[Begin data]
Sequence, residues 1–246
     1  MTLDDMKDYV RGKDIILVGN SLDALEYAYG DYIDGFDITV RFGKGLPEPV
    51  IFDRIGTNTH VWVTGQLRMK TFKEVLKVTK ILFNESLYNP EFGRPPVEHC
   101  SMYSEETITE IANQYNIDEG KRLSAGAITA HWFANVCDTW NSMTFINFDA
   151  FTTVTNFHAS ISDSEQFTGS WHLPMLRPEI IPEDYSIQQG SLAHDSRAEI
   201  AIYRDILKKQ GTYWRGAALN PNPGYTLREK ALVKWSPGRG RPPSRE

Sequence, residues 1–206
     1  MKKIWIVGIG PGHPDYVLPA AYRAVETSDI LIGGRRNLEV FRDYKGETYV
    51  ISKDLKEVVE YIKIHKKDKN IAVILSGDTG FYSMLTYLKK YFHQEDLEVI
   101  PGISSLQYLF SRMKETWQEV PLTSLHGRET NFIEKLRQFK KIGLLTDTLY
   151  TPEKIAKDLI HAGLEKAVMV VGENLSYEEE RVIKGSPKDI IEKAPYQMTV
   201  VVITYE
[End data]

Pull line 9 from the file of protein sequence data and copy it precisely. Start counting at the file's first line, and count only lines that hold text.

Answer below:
    51  ISKDLKEVVE YIKIHKKDKN IAVILSGDTG FYSMLTYLKK YFHQEDLEVI